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ChatGPT has taken the world by storm, and since its launch, I have been closely interacting with the chatbot. Although I have always been impressed with its advanced skills and its human-like conversation capabilities, I have had a couple of recurring issues with it. After getting early access to the updated version of Microsoft’s new Bing chatbot, powered by the same tech behind ChatGPT, I think it might be the answer to all of my ChatGPT prayers.

OpenAI’s ChatGPT has proven to be proficient in writing stories, essays, emails, lists, codes, songs and more. It even has some features that could help you become more productive in everyday life. However, the tool falls short if you’re interested in learning about current events and news — and it’s a big problem.

ChatGPT only has information up to 2021, meaning that it won’t have any answer for queries that relate to content created after 2021. If you are going to use a chatbot to explain concepts to you in a human way, wouldn’t you want it to have expertise on subjects pertaining to the present day?

SEE: 6 things ChatGPT can’t do (and another 20 it refuses to do)

That isn’t the only problem with ChatGPT. Even if you ask the chatbot a question related to events and facts it has been trained on, it will generate an answer without giving you its source of information. As a journalist, if I am going to look up something, I want to know that I can trust the source I am getting it from.

With ChatGPT, we have little way of knowing where the information has come from and how it has been processed by the algorithms to answer your query. There are plenty of examples of chatbots providing incorrect information or simply making it up to fill the gaps. Microsoft’s Bing chatbot seems to solve these problems.

Microsoft unveiled the Bing chatbot in February and said it would run on a next-generation OpenAI large language model customized specifically for search. Right now, the new Bing is available to only a select few, with multiple millions of people on Microsoft’s waitlist. ZDNET was granted early access.

SEE: ChatGPT lies about scientific results, needs open-source alternatives, say researchers

Because Microsoft always find a way to plug their own products, I had to download Microsoft Edge to my desktop to acess the new Bing. Once I did, all I had to do was click on a chat tab on the browser’s homepage, which led me to a page that looks nearly identical to that of ChatGPT’s, just with different colors.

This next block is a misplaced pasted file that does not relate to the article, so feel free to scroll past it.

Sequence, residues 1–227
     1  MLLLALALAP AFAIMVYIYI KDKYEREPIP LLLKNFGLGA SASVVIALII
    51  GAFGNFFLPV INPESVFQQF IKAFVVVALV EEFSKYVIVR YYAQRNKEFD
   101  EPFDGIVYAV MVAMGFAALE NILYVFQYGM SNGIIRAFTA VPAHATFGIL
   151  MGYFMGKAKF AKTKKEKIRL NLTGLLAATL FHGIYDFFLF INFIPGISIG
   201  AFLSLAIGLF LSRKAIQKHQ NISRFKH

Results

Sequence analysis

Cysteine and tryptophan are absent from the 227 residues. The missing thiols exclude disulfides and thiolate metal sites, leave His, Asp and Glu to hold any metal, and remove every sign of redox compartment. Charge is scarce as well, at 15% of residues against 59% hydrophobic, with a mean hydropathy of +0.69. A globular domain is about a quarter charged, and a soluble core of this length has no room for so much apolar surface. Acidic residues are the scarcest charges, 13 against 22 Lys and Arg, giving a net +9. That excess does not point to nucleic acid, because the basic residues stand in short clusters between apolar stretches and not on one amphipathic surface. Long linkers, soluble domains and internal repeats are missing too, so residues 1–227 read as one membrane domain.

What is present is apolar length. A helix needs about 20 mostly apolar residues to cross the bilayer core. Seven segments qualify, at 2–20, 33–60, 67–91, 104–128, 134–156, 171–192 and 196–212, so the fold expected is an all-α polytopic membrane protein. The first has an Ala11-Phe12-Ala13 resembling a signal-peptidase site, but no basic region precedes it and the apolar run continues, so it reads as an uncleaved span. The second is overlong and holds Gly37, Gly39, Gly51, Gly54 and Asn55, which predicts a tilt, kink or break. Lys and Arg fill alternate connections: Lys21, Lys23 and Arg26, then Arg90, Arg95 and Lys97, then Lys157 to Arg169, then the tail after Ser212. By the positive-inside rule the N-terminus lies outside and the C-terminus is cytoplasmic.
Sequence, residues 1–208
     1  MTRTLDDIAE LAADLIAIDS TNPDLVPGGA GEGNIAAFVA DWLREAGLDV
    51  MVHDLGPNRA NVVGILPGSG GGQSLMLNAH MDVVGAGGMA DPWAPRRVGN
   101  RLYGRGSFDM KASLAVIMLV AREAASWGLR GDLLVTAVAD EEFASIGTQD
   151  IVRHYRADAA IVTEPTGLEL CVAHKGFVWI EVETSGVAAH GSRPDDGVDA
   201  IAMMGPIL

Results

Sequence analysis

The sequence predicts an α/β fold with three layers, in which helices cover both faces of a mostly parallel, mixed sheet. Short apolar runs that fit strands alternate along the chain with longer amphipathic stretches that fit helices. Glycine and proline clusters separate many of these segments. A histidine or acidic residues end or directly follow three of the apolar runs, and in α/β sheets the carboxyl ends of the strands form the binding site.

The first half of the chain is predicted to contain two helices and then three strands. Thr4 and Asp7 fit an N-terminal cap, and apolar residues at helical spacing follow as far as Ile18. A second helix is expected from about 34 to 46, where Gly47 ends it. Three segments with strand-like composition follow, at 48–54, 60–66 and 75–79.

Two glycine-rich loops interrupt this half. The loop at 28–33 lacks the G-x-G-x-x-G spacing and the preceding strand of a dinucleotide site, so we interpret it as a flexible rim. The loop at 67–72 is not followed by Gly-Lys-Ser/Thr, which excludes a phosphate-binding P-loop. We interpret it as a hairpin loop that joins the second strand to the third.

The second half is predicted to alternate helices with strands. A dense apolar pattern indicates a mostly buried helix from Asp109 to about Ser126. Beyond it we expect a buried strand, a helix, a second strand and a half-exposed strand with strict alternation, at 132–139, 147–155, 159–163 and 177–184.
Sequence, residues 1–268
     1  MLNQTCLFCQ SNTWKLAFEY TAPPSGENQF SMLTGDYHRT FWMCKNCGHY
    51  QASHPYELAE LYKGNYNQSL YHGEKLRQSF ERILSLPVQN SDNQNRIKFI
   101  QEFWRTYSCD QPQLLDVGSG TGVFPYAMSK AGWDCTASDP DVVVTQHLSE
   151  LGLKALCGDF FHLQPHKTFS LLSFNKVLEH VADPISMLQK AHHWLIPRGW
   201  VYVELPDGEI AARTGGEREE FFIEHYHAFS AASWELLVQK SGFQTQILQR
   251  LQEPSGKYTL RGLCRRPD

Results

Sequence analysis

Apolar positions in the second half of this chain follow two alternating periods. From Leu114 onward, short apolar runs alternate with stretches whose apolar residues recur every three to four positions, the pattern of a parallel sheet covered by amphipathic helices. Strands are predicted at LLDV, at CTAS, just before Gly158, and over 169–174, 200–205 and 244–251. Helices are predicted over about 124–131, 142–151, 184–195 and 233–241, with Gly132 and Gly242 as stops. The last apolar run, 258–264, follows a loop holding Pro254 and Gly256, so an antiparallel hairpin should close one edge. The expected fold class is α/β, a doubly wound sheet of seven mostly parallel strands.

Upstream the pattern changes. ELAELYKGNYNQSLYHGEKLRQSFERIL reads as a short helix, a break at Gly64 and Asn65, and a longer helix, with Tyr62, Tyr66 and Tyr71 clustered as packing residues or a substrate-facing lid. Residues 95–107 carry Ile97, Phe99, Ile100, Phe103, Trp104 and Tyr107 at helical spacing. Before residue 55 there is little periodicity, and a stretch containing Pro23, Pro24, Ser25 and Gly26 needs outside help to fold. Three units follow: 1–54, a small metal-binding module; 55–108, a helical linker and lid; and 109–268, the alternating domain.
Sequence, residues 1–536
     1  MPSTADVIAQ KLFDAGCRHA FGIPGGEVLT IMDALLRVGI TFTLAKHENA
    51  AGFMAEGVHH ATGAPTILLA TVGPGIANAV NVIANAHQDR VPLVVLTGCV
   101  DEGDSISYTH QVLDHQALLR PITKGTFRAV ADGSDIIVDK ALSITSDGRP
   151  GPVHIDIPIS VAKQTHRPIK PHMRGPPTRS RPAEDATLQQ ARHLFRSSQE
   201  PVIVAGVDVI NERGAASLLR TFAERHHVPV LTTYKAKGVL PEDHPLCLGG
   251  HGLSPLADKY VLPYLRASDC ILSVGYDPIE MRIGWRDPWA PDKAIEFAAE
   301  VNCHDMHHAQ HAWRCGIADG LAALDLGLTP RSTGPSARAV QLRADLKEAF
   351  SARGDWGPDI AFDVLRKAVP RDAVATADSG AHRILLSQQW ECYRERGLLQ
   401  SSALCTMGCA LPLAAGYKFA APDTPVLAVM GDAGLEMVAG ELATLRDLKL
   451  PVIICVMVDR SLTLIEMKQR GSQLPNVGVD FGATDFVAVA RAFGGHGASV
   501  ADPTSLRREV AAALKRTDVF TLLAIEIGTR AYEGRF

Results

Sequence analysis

Bing ChatGPT homepage screenshot

Screenshot by Sabrina Ortiz/ZDNET

Then, just like with ChatGPT, you can start chatting away. My very first prompt was, “What can I use Bing’s ChatGPT for?” The first major difference I noticed was that Bing’s chatbot includes sources for every answer it gives you, with footnotes that link back to the source.

Bing ChatGPT screenshot

Screenshot by Sabrina Ortiz/ZDNET

Then I was curious if it could one-up ChatGPT and give me answers on current events. I asked the chatbot if it could tell me who won the World Cup and who the president of the US was. Both times, it gave me accurate answers and included sources. By answering these two questions accurately and with sources, Bing’s chatbot showcased how it solved my biggest qualms with ChatGPT.


Screenshot by Sabrina Ortiz/ZDNET

Then I was curious to see if it had the same technical abilities as ChatGPT, so I asked it to write me a bedtime story and an email. Surpassing the capabilities of your standard search engine, the new Bing came through.


Screenshot by Sabrina Ortiz/ZDNET

To keep the testing going, I wanted to see if the chatbot was capable of providing context to current events. After looking at the day’s top stories, I input, “I saw on the news that the President is going to hold a conference today. What is he talking about?” The answer took me by surprise.

president-ChatGOT prompt.png

Screenshot by Sabrina Ortiz/ZDNET

I was not referring to the president of CSX in my prompt, but my lack of clarity caused the chatbot to produce an answer that I wasn’t looking for. The response was the perfect example of how chatbots still cannot match humans’ conversational skills — most people engaged in conversation with me would rightfully assume I was referring to the US president.

Still, I was pleasantly surprised at how the links to the chatbot’s sources helped me quickly figure out what went wrong and how I can rephrase my question to get a better answer.  Once I reworded my question, I got the exact answer I was looking for, complete with sources and relevant news snippets.


Screenshot by Sabrina Ortiz/ZDNET

Lastly, I wanted to see if the Bing chatbot is capable of making fun, custom suggestions, like ChatGPT can. I asked the chatbot what low-calorie snacks I should bring to the movie theater (big Marvel fan), and the response was succinct and super helpful.


Screenshot by Sabrina Ortiz/ZDNET

In my experience, Bing’s version of ChatGPT was a pleasure to use. Its ability to connect to the internet makes it much more useful for everyday queries. The sources make it much more trustworthy and eliminate room for misunderstandings or errors. This isn’t to say that it is perfect, because it has been making headlines for some unusual behaviors. ChatGPT, Bing, Google’s Bard and other chatbots powered on large language models are new tecnologies that leave plenty of room for improvement. However, my first impression of the new Bing chatbot was a positive one.

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